Admittedly, the time traveler conjecture is more fun, and reminds me of a fine old science-fiction story called "Vintage Season."
Lately I seem to be in a mood to buy stuff. Think of it as my modest personal attempt to stimulate the economy. Anyway, I just bought a Roku.
What the heck is a Roku? Well, I don't want to oversell it, so let me just say that it's the greatest thing ever in the history of the universe.
Basically, Roku is a set-top box that allows you to watch streaming Internet video on your TV. You plug in the box, attach it to your TV via AV cables (or an HDMI cable, for those with HDTV), and follow the on-screen instructions to create a Roku account and sync it with your Netflix account or Amazon Video On Demand account. Then ... let the good times roll!
Various Roku channels with specialized content are also available. I haven't tried those. So far, Netflix has been enough for me. I use the simple remote to search for movies and TV shows that interest me, select one, and within a minute it's playing on my TV. (Of course, you need a Netflix subscription. Sadly, Netflix streaming video isn't currently available outside the US.)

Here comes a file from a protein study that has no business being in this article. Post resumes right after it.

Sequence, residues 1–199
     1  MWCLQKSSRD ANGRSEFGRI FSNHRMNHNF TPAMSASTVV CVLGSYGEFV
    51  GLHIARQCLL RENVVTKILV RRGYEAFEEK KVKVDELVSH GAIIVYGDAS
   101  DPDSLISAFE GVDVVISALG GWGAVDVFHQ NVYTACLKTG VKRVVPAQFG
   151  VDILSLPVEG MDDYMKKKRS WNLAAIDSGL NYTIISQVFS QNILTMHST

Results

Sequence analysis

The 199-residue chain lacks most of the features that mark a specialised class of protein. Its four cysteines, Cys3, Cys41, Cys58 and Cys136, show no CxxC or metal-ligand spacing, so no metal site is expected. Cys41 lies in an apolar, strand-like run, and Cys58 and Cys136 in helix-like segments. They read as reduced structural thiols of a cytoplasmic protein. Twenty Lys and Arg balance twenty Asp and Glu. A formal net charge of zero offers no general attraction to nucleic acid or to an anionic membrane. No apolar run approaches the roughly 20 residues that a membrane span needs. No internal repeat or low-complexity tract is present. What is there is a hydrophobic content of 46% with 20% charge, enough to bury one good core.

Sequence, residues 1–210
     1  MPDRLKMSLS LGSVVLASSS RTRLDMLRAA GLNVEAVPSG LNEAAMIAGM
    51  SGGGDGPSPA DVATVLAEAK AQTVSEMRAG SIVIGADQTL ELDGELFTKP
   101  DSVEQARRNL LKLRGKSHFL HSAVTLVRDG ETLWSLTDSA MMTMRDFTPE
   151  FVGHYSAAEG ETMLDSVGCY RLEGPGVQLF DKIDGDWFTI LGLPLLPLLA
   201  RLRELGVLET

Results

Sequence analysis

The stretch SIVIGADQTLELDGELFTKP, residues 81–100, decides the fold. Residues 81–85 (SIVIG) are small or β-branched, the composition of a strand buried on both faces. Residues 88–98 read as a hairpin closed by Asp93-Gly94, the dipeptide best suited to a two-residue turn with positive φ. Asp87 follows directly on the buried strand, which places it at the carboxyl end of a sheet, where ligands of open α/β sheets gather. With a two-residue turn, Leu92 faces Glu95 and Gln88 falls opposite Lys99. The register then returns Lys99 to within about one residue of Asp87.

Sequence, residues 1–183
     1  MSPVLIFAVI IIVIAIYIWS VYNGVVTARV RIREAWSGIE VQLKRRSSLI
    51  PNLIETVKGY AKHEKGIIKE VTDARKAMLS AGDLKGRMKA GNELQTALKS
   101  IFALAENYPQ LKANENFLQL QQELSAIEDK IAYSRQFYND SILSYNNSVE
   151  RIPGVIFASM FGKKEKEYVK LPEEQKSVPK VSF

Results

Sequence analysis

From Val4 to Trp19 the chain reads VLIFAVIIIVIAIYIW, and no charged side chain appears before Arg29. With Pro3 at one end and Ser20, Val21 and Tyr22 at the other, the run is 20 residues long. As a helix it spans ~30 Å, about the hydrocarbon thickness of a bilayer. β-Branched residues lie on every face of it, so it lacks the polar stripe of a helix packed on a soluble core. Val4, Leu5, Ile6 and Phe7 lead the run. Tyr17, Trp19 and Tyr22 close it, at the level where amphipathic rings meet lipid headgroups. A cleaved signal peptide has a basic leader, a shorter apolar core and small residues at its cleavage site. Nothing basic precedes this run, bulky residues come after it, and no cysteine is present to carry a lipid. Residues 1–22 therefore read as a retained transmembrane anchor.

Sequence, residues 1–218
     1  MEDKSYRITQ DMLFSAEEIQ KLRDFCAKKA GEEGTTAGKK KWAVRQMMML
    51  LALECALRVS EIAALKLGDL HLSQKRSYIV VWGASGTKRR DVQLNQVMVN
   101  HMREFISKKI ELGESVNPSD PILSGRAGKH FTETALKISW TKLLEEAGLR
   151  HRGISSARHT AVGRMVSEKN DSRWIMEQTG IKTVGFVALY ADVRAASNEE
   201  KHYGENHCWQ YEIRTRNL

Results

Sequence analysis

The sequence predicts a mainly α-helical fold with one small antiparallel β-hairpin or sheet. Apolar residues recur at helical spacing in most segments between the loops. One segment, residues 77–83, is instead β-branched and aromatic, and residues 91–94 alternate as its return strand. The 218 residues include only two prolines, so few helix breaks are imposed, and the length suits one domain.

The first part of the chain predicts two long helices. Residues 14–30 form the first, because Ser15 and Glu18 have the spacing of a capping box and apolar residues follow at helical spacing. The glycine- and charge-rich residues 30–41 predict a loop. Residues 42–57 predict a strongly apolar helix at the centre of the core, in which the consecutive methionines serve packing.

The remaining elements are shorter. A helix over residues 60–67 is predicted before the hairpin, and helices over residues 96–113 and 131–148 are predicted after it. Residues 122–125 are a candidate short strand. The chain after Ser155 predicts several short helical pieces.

I expected Roku to work, but not to work this well. I thought there would be problems like buffering, pixellation, image breakup, etc. So far the only technical issue I've noticed was a little bit of pixellation and frame-dropping on one film. I'm pretty sure this issue lay with Netflix, not Roku.
Overall, picture quality has been excellent, easily surpassing my crappy cable reception and rivaling, if not besting, a standard DVD. Netflix's selection of streaming video is getting better all the time, and already offers a wide variety, with a good mix of recent releases and older titles.
Recently I've developed the habit of watching syndicated reruns of King of the Hill at night. But when NewsCorp pulled its local stations off my cable provider's system because of a contract dispute, I was left without the antics of Hank, Bill, and Dale. Did I panic? I did not. Netflix has nine seasons of KOTH available for streaming. Who needs those local channels?
Heck, we're almost to point where we can ask: Who needs cable? When the selection of on-demand videos improves even more, it may be hard to justify coughing up hundreds of dollars a year to your friendly cable provider. Roku may be the future of TV.
And did I mention it's the greatest thing ever in the history of the universe?